Fall in love with fall: how to enjoy autumn’s darker days
We don’t have to be clinically diagnosed with Seasonal Affective Disorder to feel apprehensive at the thought of being plunged into shorter days and endless evenings. As Brexit reality sets in, (hello, rising fuel costs and sad supermarket shelves) combined with potentially more Covid-related restrictions, there’s little cause for optimism as we set the clocks back an hour (in the UK) and officially welcome, The Dark, Season 3.
But is your glass of spiced pumpkin latte half-empty or half-full? There are certain things we cannot control, such as the economy and weather. How we deal with negative influences and our overriding attitude makes a difference. It’s perhaps more important than ever, for our mental, emotional and spiritual wellbeing, to offer seasonal gratitude. The idea of the Harvest Festival, where crops are reaped and food bounties celebrated, can be extended into many aspects of autumn life.
At this time of the year, I return to my hat box with enormous pleasure. The unfurling of scarves and pulling on of gloves is an autumn ritual like no other. If we don’t want to become seasonal hostages, then let’s brave the elements in our best finery. I’d also give praise for the wonders of cashmere because there’s nothing like pulling on your favourite sweater when the chill sets in. Provided, it’s not been ravaged by moths. Its fuzzy warmth is like a friendly embrace.
Hot drinks are another seasonal lifesaver. I’ve never forgotten a cockle-warming hot spiced apple juice in the Blackfriars Pub after a walk around the city. Hot whisky toddies remind me of Edinburgh, and this winter, I plan to visit to one of London’s many rum bars. In autumn, my tea palette shifts from fresh herbs to spice-based brews. Pukka Three Cinnamon and Celestial Bengal Spice are delicious but making your own with cardamom, allspice, cinnamon, cloves and ginger is more satisfying. Vodka heats from the inside and I’d give special thanks to my friend, Bison Grass.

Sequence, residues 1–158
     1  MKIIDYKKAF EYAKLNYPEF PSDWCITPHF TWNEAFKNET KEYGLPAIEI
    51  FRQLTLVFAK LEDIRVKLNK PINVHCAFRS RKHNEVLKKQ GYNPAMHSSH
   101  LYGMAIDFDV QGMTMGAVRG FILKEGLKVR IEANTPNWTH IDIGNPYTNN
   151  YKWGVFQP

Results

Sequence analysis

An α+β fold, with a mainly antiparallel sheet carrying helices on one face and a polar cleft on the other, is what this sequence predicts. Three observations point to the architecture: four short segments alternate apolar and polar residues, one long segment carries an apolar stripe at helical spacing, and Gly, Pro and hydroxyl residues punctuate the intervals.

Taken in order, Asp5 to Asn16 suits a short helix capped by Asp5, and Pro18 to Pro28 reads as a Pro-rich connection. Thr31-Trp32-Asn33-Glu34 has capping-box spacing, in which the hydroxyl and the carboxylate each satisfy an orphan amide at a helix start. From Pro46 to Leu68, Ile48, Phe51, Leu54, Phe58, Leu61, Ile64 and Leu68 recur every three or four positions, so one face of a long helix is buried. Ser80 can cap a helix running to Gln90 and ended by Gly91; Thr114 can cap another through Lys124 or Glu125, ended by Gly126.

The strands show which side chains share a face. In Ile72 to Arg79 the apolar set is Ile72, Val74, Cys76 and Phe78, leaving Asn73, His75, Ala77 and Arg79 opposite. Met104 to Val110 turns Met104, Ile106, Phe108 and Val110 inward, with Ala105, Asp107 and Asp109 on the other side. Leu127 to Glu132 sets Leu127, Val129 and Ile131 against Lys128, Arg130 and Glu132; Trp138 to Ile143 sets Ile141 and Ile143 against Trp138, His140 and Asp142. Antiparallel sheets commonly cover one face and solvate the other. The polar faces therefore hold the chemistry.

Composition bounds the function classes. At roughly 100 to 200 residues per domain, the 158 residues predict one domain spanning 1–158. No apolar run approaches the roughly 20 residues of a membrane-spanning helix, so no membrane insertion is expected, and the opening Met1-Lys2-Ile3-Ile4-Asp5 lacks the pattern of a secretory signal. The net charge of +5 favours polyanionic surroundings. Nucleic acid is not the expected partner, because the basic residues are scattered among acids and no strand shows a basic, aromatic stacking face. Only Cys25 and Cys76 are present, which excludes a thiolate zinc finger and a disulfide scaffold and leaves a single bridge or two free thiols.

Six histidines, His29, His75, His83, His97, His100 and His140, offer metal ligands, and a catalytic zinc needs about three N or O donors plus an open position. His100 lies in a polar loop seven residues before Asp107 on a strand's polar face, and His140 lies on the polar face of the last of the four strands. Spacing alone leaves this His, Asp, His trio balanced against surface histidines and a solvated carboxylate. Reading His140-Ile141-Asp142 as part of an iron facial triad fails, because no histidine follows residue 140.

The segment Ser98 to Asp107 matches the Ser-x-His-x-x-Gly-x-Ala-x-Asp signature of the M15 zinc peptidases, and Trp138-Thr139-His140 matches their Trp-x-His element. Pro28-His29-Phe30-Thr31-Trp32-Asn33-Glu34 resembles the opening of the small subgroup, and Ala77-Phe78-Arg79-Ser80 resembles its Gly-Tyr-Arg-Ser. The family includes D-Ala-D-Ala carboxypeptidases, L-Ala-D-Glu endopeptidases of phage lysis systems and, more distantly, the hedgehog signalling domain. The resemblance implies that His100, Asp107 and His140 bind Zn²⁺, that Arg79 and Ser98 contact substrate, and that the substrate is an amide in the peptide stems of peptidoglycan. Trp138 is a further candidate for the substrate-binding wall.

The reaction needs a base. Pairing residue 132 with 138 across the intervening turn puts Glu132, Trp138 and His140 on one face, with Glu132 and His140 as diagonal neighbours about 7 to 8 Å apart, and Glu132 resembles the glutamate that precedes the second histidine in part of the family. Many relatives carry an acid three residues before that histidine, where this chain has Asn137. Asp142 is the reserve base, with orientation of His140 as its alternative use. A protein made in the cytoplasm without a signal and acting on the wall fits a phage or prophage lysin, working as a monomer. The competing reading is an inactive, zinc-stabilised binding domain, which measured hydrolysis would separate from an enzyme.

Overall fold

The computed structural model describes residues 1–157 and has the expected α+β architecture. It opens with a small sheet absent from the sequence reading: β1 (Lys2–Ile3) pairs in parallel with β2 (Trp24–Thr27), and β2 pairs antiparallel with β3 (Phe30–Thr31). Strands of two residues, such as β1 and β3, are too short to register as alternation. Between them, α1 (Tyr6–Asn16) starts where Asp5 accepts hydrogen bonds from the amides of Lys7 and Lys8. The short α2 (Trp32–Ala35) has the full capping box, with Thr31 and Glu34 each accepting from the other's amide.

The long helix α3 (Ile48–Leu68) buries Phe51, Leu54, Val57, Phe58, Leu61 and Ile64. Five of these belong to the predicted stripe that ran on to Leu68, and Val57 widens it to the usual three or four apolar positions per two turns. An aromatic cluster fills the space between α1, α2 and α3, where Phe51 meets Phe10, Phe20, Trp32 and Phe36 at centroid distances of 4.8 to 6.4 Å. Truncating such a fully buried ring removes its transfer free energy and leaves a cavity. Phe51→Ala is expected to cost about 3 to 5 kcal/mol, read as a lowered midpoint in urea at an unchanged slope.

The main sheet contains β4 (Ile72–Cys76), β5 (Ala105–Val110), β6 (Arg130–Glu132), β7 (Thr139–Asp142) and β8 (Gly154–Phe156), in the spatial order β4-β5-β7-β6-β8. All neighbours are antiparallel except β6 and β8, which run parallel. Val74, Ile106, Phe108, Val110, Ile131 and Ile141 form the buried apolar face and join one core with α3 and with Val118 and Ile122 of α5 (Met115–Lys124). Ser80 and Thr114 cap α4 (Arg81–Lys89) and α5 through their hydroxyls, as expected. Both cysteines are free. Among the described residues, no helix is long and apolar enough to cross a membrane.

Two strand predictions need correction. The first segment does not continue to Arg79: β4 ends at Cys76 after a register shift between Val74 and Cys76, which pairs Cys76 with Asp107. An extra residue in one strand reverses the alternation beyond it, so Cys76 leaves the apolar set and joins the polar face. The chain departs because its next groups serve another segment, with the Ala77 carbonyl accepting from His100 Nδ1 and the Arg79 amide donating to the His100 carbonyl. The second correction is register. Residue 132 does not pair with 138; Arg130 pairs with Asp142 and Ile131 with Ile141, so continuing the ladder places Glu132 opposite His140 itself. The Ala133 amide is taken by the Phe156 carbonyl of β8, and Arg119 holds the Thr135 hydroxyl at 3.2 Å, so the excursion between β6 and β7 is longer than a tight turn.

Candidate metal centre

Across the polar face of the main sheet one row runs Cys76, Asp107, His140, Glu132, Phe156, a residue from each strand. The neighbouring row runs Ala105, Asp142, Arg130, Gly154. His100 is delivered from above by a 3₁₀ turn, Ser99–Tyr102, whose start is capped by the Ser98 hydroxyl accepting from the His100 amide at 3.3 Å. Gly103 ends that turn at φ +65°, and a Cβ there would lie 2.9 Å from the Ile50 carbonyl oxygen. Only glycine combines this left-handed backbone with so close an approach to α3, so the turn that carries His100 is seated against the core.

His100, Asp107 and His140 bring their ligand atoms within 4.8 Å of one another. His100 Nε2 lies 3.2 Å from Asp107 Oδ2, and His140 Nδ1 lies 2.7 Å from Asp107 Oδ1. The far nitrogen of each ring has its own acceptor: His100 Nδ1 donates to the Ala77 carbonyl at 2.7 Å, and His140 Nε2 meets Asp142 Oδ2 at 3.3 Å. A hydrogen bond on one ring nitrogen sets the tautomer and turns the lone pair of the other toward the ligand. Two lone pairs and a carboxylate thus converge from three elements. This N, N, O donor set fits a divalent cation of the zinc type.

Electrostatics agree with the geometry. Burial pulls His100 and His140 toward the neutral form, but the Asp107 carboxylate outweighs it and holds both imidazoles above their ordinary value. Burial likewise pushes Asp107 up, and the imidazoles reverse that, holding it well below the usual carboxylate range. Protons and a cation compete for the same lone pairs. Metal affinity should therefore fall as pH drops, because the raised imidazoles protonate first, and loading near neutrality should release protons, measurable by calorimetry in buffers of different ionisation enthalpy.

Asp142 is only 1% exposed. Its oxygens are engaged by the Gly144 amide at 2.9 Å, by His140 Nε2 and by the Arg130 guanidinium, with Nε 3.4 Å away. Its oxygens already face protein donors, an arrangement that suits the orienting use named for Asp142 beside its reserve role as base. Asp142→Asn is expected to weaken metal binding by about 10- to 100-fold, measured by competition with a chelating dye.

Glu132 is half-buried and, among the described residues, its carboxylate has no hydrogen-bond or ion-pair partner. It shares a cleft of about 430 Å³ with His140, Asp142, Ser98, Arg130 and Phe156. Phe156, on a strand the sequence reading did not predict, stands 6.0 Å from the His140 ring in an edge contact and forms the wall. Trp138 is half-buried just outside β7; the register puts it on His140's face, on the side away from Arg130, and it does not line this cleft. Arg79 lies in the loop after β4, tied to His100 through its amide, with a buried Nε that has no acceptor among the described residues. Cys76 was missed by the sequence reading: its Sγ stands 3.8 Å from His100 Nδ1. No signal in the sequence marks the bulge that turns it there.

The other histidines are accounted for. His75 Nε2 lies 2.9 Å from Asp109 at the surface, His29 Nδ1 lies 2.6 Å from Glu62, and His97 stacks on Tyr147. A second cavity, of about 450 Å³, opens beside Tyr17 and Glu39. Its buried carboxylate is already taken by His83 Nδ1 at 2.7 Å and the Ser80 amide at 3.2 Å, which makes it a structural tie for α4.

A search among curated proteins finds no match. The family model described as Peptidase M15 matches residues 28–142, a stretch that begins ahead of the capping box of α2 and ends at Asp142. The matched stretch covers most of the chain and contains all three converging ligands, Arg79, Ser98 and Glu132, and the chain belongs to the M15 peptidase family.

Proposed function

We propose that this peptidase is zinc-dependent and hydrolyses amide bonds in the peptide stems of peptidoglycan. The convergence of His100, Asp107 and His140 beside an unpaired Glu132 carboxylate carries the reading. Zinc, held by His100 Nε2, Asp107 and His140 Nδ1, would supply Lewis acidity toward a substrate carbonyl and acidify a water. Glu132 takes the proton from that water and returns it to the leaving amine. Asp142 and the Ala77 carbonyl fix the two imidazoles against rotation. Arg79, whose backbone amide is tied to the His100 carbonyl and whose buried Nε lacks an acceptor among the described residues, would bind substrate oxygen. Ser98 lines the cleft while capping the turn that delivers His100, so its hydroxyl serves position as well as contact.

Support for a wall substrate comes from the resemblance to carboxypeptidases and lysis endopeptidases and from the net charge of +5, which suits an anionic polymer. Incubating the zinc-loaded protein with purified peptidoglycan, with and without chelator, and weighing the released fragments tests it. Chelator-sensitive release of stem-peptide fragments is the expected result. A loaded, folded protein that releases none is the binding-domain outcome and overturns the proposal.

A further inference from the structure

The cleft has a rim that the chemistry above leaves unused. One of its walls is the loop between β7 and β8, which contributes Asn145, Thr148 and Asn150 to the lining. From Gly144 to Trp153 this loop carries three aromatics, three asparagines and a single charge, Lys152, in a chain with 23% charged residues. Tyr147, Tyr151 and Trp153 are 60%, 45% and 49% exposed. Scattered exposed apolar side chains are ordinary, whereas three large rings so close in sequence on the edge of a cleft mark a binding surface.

Soup is a permanent fixture in my kitchen from September onwards. Last week, a neighbour brought round a bag of apples from his tree and I made a celery, leek and apple soup. This week, it’s butternut squash, kale and chickpea flavoured with paprika. ‘One Pot’ cooking generally scores high this time of the year and there’s nothing better than being greeted by a Moroccan tagine or traditional hot pot when you come in from the cold.
Whether spending valuable time with my 89-year-old mother, meeting with siblings or cooking for old friends, as the nights draw in, our companions, whether they have two legs or four, bring comfort. My No.1 favourite thing is writing in bed, surrounded by three cats curled up together. This never happens in summer (when they keep a tetchy distance). It’s one of the privileges of autumn and winter, as are the awe-inspiring canopies of changing leaves, extraordinary cold weather skies, the solitary flame of a candle or glow of an open fire. We’re already losing an hour, so let’s not waste more precious time in mourning. Instead, let’s celebrate the dark months and all the pleasures they bring.
Fall in love with fall-style:
Please note that affiliate links used may gain a small commission for That’s Not My Age.